Soul Seven

Now-Again | Oct. 18, 2008 | News | , ,

In 1969, at a small historically black school called Bishop College in Dallas, Texas, an Assistant Band Director had an idea for six students he led in the school’s Ambassador Marching Band – why not record two of the hardest-hitting funk songs of all time? Wendell Sneed, a jazz drummer par excellence who caught the funk bug around 1967 from soon-to-be bandmate Mike McKinney, assembled The Soul Seven from a multi-talented bunch attending Bishop on music scholarships. With the help of old friend Roger Boykin, another Bishop alumnus (1963), Sneed released his project on the fledgling Soultex label.

A third song from the session – a heavy duty cover of the Stax/Volt stalwarts’ “Grab That Thang” retitled “Southside Funk” – didn’t find a release until 2001, as Now Again Records’ parent company Stones Throw seven inch and as part of The Funky 16 Corners compilation. “We would take someone’s song and put our own twist to it,” trombonist and on-stage leader Charles Hunt remembers. Distilling the Soul Seven experience into one sentence, he adds, “We wanted to put out the funkiest music possible and hopefully get some gigs.”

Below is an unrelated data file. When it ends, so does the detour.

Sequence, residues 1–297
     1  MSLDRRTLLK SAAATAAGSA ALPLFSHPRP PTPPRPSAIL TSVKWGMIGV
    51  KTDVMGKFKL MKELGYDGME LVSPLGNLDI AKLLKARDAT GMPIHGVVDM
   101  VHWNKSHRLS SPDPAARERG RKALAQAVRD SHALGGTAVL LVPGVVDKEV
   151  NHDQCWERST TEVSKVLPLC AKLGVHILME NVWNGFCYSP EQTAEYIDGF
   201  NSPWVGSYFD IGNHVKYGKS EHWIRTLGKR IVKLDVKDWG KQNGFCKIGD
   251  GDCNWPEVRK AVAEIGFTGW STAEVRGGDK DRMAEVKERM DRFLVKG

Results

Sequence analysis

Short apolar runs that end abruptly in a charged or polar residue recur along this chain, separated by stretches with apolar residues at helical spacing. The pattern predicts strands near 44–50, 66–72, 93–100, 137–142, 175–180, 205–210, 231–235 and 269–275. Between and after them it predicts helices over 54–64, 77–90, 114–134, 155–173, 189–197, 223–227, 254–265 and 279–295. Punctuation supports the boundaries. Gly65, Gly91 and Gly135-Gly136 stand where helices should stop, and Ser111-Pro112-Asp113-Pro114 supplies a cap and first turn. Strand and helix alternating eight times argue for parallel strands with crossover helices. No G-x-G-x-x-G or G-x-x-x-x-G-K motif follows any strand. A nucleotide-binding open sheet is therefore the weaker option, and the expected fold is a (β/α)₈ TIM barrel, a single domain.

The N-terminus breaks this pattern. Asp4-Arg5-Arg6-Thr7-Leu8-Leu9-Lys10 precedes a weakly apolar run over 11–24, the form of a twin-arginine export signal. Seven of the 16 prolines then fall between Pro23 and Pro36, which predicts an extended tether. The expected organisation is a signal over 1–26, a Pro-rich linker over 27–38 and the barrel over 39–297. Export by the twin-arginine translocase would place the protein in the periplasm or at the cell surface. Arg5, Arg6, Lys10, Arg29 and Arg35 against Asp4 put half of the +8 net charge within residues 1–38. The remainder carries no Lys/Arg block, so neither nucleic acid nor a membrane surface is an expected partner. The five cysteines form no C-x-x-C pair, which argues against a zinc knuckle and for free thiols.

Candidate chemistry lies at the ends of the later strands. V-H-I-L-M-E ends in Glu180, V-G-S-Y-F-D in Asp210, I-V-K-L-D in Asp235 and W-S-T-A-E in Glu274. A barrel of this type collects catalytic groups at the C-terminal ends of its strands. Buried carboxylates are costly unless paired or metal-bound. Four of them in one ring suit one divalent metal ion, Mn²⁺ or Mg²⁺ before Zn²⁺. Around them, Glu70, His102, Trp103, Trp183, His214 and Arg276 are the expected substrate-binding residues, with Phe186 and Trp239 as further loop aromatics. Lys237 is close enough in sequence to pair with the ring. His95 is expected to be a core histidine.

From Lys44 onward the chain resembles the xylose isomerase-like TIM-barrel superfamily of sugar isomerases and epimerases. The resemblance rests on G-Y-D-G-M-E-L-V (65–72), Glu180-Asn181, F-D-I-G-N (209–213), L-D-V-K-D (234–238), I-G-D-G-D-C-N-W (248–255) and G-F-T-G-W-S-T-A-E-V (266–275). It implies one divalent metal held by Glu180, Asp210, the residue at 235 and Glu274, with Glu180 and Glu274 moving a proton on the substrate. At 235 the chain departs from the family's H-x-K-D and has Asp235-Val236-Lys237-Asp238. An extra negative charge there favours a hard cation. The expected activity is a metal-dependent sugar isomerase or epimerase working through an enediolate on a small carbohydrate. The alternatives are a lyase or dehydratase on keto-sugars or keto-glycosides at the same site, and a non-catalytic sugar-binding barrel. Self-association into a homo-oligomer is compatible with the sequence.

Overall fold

While The Soul Seven certainly achieved Hunt’s goal, their live performances were often recorded – if at all – using one microphone, with a 1/4” reel to reel moving at the slowest speed possible. Thankfully Boykin and Sneed booked The Seven at their independently financed and produced South Dallas Pop Festival on the evening of June, 22nd 1970, and hired a professional recording engineer to document the night’s proceedings. Alongside friendly rivals The Apollo Commanders and The Black Maffia, The Soul Seven revue turned out an intense set that highlighted guests Eddie Purrell, Monica Harris and The Voices of Time and Mama Dee… and of course found the band doing what they did best – rocking the show with heavy, heavy funk.

Texas Funk, Soul, Jazz, Disco and Boogie – Soultex Records

Now-Again | Oct. 2, 2008 | Licensing | ,

Dallas’s Soultex Records, founded and run by the multi-talented Roger Boykin, has released records for the past forty years. Many of Boykin’s releases have seen reissue – or issue – on Now-Again. Now-Again represents both master and publishing on Boykin’s extensive catalog of funk, soul, jazz, psychedelia, disco and boogie music.


Egon | Aug. 22, 2003 | News | , ,

Introduced by the the Soul Seven’s Charles Hunt, who nicely sums up the last, lost thirty years by proclaiming how great – and underrated – South Dallas’s musical community was, the South Dallas Pop Festival 1970 is one of American soul and funk music’s crowning moments. From the Marchel Ivery Quintet’s funky stab at Cal Green’s rare-groove classic “Trippin” with festival promoter Roger Boykin on guitar, to the Soul Seven’s cover of “Kool and The Gang” to the heady psychedelia of the Black Maffia to the show-stopping Apollo Commanders’ rough, rugged James Brown medley of soul diva Marva Whitney’s “I Made A Mistake” and JB’s own, burly “Low Down Popcorn” – the Festival provides a glimpse into the late 60s and early 70s club nights that would have been the stuff of legend had archivists such as Boykin not chosen to document the proceedings. An incredible archival trawl.